Reef Fish Agreement Casts a Protective Net in the Coral Triangle

Live reef fishermen in Timor-Leste head out for their daily catch. About 15 million people in the Asia-Pacific’s Coral Triangle
Live reef fishermen in Timor-Leste head out for their daily catch.
Tory Read
Preserving the fish trade and employment for 15 million
“We have seen what can happen when steps are not taken to protect the environment, and we want fishing to be a viable way of life for our children.”

Asia-Pacific nations that ring the pristine Coral Triangle are beginning to pool their ideas and strengthen their collective commitment to protect a delicate regional fish trade sustainably.

Ninety percent of the marine and coastal resources in the 6 million square kilometer Coral Triangle area are at immediate risk. The live reef fish food trade, in which caught fish are kept alive for later sale, comprises 30 percent of the total value of commercial fisheries in the region and employment for an estimated 15 million people.

The future of the fish trade is a major concern in places like Barangay Bacao on the Philippine island of Dumaran. In 2011, a coral reef study revealed the alarming rate of depletion of the corals and fish stocks in Dumaran. The assessment, supported by the USAID-funded Coral Triangle Initiative through the World Wildlife Fund, called for more marine protected areas, which are designated no-take zones for spawning sites and mixed-use sites for general subsistence fishing.

The poor state of the local marine resources prompted local officials to be even more aggressive in enforcing existing marine protected areas and taking steps to develop more areas.

“Illegal fishing activities have decreased, especially dynamite and compressor methods. [Our] mayor is very strict,” said Edgardo Paguntalan, a local fisherman and president of Barangay Bacao’s Fisheries and Aquatic Resources Management Council. “It has been great to see a natural balance restored in the local reefs. We have seen what can happen when steps are not taken to protect the environment, and we want fishing to be a viable way of life for our children.”

With little competition from the illegal fishers, small-scale fishermen in Dumaran have been able to reap their share of the bounty of the sea and improve the quality of their lives.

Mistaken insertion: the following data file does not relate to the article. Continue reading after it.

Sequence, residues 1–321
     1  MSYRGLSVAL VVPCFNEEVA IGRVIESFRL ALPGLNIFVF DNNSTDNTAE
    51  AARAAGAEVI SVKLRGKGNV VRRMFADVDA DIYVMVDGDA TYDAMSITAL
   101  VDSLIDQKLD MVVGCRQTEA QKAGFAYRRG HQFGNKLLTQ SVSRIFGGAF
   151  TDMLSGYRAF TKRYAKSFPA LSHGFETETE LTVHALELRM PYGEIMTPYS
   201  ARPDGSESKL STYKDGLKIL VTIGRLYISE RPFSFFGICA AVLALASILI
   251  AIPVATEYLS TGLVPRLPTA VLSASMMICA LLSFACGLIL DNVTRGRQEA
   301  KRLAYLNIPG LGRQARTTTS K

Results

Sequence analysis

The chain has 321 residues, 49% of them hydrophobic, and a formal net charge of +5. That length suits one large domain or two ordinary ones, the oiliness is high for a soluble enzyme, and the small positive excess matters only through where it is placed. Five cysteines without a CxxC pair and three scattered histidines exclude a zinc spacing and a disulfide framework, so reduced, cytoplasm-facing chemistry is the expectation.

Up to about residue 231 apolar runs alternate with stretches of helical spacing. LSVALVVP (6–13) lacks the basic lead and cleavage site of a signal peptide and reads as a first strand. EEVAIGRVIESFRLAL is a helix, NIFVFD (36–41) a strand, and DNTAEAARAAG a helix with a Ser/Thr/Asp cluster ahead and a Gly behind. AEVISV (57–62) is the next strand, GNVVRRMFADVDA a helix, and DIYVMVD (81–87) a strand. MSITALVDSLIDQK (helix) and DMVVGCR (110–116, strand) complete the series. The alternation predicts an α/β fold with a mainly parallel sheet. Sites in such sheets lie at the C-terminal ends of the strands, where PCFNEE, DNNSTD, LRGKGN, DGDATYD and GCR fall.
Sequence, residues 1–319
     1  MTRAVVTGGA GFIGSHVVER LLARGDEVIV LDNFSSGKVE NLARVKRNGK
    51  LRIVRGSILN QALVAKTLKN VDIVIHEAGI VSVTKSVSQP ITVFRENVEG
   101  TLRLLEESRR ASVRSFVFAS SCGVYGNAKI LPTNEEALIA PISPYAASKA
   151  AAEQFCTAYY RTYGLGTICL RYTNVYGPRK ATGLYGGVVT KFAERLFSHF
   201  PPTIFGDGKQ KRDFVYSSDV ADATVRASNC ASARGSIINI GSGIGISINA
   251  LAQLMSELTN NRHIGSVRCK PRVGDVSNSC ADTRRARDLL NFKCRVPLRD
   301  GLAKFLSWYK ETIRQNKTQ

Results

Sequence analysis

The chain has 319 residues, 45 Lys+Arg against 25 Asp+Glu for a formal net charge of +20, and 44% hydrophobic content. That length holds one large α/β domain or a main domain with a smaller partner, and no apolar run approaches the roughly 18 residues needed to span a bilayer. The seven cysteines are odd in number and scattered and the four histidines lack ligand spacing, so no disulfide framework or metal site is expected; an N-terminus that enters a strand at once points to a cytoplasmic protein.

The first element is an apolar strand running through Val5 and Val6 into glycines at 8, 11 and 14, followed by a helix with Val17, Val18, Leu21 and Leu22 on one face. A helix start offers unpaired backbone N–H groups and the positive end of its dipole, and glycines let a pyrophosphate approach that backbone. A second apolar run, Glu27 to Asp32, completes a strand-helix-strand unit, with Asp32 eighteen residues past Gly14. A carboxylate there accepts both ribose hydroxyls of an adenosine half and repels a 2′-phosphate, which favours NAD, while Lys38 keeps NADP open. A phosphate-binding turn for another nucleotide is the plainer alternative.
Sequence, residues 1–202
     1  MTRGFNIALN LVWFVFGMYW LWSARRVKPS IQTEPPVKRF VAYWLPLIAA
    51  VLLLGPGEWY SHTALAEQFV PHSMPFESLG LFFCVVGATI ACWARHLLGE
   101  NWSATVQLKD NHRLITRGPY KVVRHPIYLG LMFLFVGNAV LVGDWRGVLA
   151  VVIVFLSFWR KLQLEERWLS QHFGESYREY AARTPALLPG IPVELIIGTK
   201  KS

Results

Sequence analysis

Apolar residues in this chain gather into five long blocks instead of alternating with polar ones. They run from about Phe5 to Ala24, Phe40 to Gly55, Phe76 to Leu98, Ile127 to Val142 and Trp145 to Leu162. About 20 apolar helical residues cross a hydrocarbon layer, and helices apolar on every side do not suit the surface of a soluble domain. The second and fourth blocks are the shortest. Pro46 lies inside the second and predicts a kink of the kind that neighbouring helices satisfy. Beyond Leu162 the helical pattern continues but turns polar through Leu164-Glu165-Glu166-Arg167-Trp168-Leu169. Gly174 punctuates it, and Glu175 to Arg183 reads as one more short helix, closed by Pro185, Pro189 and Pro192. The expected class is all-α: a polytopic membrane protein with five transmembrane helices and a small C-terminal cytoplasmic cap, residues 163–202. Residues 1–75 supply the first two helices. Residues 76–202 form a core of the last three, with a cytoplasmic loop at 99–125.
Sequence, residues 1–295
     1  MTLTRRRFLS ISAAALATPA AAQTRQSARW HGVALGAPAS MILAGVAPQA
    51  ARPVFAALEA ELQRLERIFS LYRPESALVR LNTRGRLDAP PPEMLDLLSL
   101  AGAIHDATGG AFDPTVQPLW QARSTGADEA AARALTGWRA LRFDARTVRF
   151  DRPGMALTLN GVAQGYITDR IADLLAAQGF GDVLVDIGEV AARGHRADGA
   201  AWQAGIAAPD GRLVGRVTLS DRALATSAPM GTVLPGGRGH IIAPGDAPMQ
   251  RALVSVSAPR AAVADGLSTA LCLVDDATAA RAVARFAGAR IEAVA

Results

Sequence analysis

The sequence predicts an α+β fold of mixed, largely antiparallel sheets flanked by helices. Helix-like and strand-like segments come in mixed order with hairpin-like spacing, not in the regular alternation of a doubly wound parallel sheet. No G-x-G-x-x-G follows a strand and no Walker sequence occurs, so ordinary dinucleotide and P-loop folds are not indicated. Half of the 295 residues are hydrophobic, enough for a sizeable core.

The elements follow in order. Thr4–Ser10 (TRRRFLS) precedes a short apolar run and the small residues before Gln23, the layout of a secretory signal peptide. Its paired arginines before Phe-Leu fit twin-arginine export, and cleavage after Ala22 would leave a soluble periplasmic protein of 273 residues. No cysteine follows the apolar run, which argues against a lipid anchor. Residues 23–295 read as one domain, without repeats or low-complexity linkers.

One of them is Jesus Peañar, a fisherman and live fish trader. He is pleased to be able to build a kitchen extension for his house in Barangay Bacao. He recently installed a well at his property; acquired a new, more powerful motor for his fishing boat; and paid his fishing and caging license fees.

To extend successes like those of Barangay Bacao across the Coral Triangle, USAID partnered with the Coral Triangle Initiative Interim Regional Secretariat and the Southeast Asian Fisheries Development Center to bring together 52 representatives from the Coral Triangle nations to develop a roadmap to address negative impacts on the region’s live reef fish trade.

Government representatives at a forum in Bangkok signed a multilateral resolution in January 2013 to set up marine areas to protect fish species affected by the live reef fish trade and to develop an accreditation system to encourage fish suppliers to follow sustainable and fair trade practices. They will also work together to develop a reporting system to capture relevant fisheries data and traceability, and jointly address illegal, unregulated and unreported fishing practices.

“The establishment of this intergovernmental forum comes at a time when we see even more alarming issues coming out in the trade,” said Chumnarn Pongsri, secretary general of the Southeast Asian Fisheries Development Center. “Coral Triangle governments should use this forum to demonstrate their collective commitment to improve the management of the trade, and to stabilize the welfare of their shared ecosystems and resources for the benefit of the millions of people who depend on these for food and livelihood.”

Last updated: April 04, 2014

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